With reference to FIG. 12, a method of forming both a sleeve and random approximations within the gastric lumen is described. Formation of pouch P has been described previously hereinabove with respect to FIGS. 9 and 10, while formation of approximations at random locations L has been described with respect to FIG. 11. As seen in FIG. 12A, sleeve or pouch P may extend inferior to the patient's gastroesophageal junction GEJ, while approximations are disposed at substantially random locations L within stomach S. As seen in FIG. 12B, pouch P illustratively has been formed with securing elements 10 comprising anchor assemblies 30 of FIG. 1B, while the random approximations illustratively have been formed with securing elements comprising t-anchor assemblies 40 of FIG. 1C.
Pouch P and the approximations at random locations L may be formed concurrently or successively in any order. Random locations L preferably are confined to the region of stomach S disposed outside of sleeve or pouch P to ensure safe passage of food through the pouch. Providing pouch P in conjunction with approximations at random locations L may more fully restrict the stomach, thereby enhancing a sensation of satiety, prolonging the resident time of food within the stomach, and/or reducing a quantity of food that may be comfortably consumed.
Referring now to FIG. 13, a method of approximating opposing walls of the stomach over significant length(s) at random or specified locations is described. As seen in FIG. 13A, stomach S illustratively has been approximated at multiple random or specified locations L over significant lengths, for example, lengths preferably greater than or equal to about 1 cm, and even more preferably greater than or equal to about 2 cm. As seen in FIG. 13B, such approximations have been achieved by utilizing securing elements 10 comprising multi-barbed devices 50 of FIG. 1D. For example, barbs 54 extending from first surfaces of substrates 52 of devices 50 may be adhered to a first wall of stomach S, while barbs 54 extending from opposing second surfaces of the substrates may be adhered to opposing walls of the stomach, thereby approximating and securing the opposing walls. The lengths of devices 50 may be specified as desired. Additional and/or alternative methods for approximating opposing walls of the stomach over significant lengths will be apparent to those of skill in the art.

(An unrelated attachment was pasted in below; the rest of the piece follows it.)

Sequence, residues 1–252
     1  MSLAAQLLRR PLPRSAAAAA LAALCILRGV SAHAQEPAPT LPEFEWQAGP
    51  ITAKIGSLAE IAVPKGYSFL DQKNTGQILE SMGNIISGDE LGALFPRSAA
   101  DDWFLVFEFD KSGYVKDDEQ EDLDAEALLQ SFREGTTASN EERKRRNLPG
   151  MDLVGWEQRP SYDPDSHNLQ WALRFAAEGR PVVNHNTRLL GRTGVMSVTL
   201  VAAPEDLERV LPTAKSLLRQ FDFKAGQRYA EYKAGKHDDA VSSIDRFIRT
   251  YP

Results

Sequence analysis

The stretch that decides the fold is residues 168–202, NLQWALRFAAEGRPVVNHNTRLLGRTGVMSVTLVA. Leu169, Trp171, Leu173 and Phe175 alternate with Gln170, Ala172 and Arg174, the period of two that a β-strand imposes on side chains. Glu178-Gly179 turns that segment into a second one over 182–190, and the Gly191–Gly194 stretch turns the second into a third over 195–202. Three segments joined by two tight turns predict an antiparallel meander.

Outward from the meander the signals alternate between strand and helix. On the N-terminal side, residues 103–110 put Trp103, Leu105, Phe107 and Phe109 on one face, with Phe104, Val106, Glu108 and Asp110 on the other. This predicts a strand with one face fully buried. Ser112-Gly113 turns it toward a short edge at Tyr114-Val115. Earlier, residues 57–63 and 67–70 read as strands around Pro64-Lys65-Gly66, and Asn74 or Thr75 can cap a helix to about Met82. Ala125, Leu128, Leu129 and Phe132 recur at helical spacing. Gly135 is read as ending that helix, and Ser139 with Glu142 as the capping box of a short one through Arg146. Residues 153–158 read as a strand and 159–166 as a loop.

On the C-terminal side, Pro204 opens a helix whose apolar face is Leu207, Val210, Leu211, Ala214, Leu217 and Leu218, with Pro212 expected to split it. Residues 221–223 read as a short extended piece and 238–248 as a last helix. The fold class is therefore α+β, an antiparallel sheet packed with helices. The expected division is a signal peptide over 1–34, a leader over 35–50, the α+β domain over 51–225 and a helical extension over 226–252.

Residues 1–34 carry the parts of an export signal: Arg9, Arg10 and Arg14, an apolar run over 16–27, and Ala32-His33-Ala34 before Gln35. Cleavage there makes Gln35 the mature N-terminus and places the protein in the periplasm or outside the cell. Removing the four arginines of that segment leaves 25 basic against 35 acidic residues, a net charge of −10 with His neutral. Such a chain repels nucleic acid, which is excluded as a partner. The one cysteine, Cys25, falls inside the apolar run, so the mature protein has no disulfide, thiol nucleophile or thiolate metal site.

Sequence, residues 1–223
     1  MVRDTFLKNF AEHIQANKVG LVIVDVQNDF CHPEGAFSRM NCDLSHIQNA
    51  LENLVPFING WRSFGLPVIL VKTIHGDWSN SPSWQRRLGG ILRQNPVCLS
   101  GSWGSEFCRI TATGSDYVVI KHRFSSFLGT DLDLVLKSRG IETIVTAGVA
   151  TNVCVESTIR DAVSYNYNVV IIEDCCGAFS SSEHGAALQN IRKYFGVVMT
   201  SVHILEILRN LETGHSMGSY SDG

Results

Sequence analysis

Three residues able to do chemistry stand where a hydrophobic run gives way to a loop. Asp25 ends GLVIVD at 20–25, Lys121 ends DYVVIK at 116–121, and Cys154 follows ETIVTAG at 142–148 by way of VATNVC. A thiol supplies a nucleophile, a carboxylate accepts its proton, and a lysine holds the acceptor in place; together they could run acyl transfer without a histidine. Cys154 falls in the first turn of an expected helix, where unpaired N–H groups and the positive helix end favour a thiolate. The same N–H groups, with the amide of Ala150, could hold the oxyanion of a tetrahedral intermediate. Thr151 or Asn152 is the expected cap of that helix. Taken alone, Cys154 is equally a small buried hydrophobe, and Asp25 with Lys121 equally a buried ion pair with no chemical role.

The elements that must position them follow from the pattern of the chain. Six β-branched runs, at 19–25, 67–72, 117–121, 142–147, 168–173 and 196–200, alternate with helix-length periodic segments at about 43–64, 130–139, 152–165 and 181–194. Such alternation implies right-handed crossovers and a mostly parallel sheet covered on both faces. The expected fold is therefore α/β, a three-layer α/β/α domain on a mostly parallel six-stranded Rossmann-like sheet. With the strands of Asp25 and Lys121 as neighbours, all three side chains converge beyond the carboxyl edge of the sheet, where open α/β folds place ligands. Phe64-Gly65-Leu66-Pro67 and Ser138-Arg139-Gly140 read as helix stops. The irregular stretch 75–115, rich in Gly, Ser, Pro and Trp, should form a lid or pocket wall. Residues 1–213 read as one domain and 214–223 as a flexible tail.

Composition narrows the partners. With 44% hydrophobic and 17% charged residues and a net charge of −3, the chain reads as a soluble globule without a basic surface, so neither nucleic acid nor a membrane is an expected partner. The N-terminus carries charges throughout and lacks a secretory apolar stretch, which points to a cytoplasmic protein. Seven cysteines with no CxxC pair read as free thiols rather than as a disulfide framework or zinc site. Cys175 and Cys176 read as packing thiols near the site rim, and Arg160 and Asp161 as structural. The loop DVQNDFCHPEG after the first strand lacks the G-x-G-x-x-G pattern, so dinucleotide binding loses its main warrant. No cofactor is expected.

Although various illustrative embodiments are described above, it will be evident to one skilled in the art that various changes and modifications are within the scope of the invention. It is intended in the appended claims to cover all such changes and modifications that fall within the true spirit and scope of the invention.
|Cited Patent||Filing date||Publication date||Applicant||Title|
|US3551987||Sep 12, 1968||Jan 5, 1971||Wilkinson Jack E||Stapling clamp for gastrointestinal surgery|
|US4245624||Dec 30, 1977||Jan 20, 1981||Olympus Optical Co., Ltd.||Endoscope with flexible tip control|
|US4724840||Feb 3, 1982||Feb 16, 1988||Ethicon, Inc.||Surgical fastener applier with rotatable front housing and laterally extending curved needle for guiding a flexible pusher|
|US4841888||Nov 19, 1987||Jun 27, 1989||Mills Timothy N||Sewing machine|
|US5037433||May 17, 1990||Aug 6, 1991||Wilk Peter J||Endoscopic suturing device and related method and suture|
|US5059201||Jan 22, 1991||Oct 22, 1991||Asnis Stanley E||Suture threading, stitching and wrapping device for use in open and closed surgical procedures|